DIY Investing

I’m stingy and like to save money. So, there are a few jobs around the house I try to do on my own. Changing a light bulb (still) fits my skill set, but anything much beyond that is too close to the edge of my “circle of competence” in home repair.

So, I turn to professionals when I need to. They are not free, but they are accountable, competent and their results can be quantified and measured for value.

Some people I know have essentially hired themselves as their own investment manager. They might have a portfolio they have built over the years of mutual funds, stocks and bonds. This saves on fees. But do they track their own performance? And I wonder how much time are they able to spend researching their choices given the time obligations of both family and professional duties?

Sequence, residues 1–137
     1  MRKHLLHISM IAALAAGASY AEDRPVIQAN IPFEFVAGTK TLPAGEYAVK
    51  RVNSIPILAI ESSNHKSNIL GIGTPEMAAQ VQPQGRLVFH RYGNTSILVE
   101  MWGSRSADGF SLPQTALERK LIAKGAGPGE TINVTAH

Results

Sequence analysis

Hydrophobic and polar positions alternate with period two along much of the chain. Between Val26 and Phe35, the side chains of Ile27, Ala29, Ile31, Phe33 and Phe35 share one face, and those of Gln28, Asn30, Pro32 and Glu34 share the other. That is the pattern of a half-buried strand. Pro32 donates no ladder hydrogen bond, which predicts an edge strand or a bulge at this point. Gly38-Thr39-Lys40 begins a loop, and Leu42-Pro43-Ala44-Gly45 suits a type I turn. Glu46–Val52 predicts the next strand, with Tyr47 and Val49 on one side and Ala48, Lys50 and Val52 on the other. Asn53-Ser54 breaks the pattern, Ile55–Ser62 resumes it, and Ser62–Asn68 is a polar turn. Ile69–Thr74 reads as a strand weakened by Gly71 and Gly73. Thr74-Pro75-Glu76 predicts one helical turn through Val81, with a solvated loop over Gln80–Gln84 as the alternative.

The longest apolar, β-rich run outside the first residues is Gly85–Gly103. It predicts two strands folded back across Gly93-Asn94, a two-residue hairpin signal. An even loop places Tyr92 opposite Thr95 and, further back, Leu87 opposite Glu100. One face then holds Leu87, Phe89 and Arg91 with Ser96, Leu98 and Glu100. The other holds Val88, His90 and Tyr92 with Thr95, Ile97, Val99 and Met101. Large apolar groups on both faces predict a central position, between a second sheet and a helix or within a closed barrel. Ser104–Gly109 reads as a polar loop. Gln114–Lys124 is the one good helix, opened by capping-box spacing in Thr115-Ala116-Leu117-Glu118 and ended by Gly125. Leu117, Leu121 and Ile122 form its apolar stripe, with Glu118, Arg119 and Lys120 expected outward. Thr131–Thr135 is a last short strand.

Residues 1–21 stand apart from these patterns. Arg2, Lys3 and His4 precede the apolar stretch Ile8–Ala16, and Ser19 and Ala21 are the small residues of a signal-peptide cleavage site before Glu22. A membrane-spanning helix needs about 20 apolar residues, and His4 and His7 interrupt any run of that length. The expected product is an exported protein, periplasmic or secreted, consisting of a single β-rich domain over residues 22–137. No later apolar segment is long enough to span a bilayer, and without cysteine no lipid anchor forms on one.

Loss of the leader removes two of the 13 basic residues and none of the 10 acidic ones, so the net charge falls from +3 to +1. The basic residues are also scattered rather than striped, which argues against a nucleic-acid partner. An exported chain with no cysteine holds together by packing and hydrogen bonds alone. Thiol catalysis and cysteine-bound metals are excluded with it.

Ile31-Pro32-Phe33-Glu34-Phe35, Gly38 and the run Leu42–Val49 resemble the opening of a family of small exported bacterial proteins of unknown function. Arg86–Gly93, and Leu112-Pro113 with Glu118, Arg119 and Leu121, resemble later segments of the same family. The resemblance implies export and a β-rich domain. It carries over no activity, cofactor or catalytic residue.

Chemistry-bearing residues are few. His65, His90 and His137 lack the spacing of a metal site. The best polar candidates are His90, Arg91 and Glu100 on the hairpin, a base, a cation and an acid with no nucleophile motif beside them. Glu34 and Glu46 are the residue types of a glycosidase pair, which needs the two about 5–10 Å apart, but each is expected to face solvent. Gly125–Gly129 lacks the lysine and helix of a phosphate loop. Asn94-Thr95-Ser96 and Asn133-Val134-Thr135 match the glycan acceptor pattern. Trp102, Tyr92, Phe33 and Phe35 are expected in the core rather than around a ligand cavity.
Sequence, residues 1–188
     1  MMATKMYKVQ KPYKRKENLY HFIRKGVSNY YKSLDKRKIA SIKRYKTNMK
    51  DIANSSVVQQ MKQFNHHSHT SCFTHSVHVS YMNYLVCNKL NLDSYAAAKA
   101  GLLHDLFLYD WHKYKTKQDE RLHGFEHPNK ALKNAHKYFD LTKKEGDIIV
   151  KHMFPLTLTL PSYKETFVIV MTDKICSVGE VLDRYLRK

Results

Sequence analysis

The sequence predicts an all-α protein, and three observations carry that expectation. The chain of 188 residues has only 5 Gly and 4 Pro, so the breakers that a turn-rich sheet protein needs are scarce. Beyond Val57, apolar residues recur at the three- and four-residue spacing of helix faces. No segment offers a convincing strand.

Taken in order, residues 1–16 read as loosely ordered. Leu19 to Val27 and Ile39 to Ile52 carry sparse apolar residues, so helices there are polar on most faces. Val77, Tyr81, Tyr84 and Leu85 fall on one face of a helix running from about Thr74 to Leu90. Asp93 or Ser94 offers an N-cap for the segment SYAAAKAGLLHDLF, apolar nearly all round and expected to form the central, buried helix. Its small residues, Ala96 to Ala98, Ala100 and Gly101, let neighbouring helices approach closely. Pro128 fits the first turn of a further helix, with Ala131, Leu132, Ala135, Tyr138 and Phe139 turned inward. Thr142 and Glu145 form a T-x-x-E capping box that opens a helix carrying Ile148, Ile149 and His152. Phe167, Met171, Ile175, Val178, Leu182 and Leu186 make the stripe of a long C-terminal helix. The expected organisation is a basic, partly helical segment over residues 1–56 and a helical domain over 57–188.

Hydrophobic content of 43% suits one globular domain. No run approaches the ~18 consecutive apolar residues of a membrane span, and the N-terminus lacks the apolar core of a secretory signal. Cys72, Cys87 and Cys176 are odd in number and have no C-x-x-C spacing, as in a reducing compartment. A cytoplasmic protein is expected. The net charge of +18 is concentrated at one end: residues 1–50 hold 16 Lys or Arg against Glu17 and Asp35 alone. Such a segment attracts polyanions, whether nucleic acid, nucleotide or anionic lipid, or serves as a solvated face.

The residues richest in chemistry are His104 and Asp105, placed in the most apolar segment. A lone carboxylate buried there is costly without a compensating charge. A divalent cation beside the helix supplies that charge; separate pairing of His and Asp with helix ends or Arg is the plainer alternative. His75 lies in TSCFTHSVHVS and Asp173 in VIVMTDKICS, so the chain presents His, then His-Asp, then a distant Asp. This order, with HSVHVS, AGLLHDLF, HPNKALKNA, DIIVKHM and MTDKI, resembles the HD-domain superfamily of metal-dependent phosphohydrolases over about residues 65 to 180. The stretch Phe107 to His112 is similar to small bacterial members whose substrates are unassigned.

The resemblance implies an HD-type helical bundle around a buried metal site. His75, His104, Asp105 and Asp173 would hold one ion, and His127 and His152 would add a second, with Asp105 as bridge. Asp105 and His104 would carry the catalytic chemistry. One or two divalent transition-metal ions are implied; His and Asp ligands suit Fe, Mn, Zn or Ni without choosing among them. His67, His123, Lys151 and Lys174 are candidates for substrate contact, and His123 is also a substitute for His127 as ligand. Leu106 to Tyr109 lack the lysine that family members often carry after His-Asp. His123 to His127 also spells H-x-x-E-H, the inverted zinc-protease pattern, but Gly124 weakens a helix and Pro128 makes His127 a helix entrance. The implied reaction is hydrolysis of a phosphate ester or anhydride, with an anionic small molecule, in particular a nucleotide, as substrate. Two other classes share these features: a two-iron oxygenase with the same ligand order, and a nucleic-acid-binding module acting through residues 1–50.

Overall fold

The goal as I see it in investing is not to focus only on fees but to maximize investment returns after the impact of fees and taxes.

A full-time investment adviser can offer his or her clients a full-time focus on their portfolio and goals. They also provide accountability as their performance results over the long run are quantifiable. But perhaps more importantly, an adviser can provide an outside perspective and guidance in times of market turbulence when it can be needed the most.